Cables come in hundreds of different sizes, types, shapes, prices and are created for uncountable reasons. Whether your cables are in use full time or will need to be stored some of the time, you really need to know the proper way to care and keep your cables to get the most life out of them.
Coiling your Cables
If you’ve ever had a pair of earbuds you are well aware of how badly cables can get tangled when unsupervised. You should never store a cable uncoiled. Surprisingly, coiling a cable generally isn’t as simple as just picking it up in a circular fashion – you can easily spend 5 minutes “coiling” a cable but still end up with a tangled rats nest at the end. You also never want to use your forearm to wrap a cable – it adds a ton of stress to the inner wires and generally tangles pretty badly when you try to unwind it.
There are two common ways to coil cables – the over-under method and the over-over method. The best one for your cable is going to be dependent on how your cable has previously been stored (You may have noticed that cables tend to want to coil in the same way every time) and the thickness of the cable.
Over – Under Cable Coiling Method
Over – Over Cable Coiling Method
To go back to our headphone example from the coiling example, you’ve probably also had your headphone cables get snagged on a doorknob or corner and the ear buds have been ripped unceremoniously from your ears. It is infuriating and often painful. Imagine your cable/device feels that way when their cables are jerked out, and you’ll understand why it is important to prevent this from happening. You can damage both the cable and whatever it’s plugged into if you are too rough when removing a cable. If you have cables in high-traffic areas where they may be pulled, you may want a device to protect your item and its cable. There are some nifty devices out there to prevent your cables being yanked, ranging anywhere from $10 to $50 a piece. Before you invest in these, know there is a cheap DIY method using just a rubber band or a twist-tie.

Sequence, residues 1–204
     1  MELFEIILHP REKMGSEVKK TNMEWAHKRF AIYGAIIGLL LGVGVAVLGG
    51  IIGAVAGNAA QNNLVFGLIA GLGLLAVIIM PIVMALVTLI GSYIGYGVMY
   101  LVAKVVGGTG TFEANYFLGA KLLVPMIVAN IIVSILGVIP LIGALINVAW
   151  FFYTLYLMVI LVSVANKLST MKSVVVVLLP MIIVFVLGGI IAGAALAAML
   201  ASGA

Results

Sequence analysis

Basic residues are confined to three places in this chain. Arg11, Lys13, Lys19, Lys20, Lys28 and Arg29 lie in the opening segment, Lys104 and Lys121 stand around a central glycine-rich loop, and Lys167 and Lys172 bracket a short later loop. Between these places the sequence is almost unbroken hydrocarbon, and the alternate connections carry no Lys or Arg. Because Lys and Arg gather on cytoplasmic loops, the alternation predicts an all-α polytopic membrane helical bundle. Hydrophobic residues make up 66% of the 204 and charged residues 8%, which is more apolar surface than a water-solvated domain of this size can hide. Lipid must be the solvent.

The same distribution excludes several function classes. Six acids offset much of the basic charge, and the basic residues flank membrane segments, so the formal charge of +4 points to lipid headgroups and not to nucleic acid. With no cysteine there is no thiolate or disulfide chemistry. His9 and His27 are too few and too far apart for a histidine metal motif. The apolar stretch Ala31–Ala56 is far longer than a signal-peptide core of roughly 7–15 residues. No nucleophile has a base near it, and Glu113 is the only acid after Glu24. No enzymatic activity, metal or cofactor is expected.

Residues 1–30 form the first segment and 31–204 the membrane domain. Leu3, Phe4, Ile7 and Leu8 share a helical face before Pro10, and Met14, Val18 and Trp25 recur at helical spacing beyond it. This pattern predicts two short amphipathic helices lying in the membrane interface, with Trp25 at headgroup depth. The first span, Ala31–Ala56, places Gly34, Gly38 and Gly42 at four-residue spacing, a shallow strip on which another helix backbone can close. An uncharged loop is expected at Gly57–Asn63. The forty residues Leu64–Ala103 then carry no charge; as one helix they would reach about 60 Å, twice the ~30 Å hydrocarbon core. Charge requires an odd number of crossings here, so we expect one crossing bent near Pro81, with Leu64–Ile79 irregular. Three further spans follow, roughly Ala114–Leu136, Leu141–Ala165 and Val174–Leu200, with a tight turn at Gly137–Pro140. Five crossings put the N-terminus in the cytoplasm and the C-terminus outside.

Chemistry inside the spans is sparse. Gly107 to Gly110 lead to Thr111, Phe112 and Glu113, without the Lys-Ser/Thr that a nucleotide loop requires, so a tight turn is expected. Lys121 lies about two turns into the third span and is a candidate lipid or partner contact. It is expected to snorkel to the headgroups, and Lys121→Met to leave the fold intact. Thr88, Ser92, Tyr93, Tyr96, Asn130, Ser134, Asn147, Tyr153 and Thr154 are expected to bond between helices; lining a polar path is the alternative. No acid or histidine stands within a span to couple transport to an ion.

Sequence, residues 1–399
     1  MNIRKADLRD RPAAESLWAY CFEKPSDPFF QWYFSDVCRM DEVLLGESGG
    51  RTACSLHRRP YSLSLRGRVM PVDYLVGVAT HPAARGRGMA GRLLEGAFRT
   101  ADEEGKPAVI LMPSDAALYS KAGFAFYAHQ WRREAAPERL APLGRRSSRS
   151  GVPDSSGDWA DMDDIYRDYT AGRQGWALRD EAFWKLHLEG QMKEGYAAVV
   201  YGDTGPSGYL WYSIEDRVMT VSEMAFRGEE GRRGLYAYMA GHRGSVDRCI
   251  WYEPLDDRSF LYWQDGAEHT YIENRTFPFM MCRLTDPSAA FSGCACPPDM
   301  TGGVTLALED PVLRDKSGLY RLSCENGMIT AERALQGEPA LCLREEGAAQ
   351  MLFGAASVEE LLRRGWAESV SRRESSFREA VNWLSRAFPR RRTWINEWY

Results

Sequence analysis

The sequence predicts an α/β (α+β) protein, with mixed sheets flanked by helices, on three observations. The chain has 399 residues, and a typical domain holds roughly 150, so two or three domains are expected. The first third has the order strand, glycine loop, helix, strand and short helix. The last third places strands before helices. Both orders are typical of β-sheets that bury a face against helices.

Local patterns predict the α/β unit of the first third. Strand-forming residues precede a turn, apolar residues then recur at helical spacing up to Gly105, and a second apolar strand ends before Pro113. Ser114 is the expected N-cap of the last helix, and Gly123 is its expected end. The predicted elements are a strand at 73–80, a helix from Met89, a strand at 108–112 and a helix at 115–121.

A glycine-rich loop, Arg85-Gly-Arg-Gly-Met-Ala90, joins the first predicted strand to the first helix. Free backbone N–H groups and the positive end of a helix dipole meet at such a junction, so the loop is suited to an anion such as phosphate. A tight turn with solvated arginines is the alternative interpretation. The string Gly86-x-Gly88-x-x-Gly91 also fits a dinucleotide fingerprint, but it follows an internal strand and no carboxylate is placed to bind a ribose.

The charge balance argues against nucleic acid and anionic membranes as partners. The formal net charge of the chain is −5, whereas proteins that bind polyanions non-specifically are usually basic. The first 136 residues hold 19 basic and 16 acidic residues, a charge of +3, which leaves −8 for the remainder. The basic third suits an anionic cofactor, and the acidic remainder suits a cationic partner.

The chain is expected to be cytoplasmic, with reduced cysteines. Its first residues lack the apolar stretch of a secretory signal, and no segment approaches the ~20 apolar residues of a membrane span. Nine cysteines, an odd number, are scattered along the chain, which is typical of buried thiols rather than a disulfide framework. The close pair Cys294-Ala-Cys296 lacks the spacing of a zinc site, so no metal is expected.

Need to run a cable across the ground? Gaffer tape is your best friend! You should always tape down cables when possible to prevent trips and falls and to show people where the cables are. You want to keep rolling over or walking on top of a cable to a minimum to get the most out of your cable.
Hook and Loop; Never Zip-Ties
Keeping your cables neat isn’t just for storage, they should also be neat when in use. There are a number of ways to organize your cables so you know what cable goes where if you ever have a fault. Color coding and bundling are two of the most common ways to establish a cable organizational system. A new cable organizer will often use zip ties in their quest for a beautiful server closet or other cable room. Because zip ties must be cut off to remove cables you are risking destroying perfectly good cables due to the closeness of scissors to the rest of your cables. Hook and loop fasteners (Velcro) are a much better alternative as they can easily be removed and replaced.
Here are some examples of people using cable organization to make beautiful and functional cable art.
Bonus: Cool way to incorporate an exposed cable in your home:
Since 1993, we have focused our manufacturing efforts on providing cable and wire harnesses built to your specifications and custom electronic enclosures and box builds, to a world-wide customer base. Contact us today to begin your custom build or bulk order.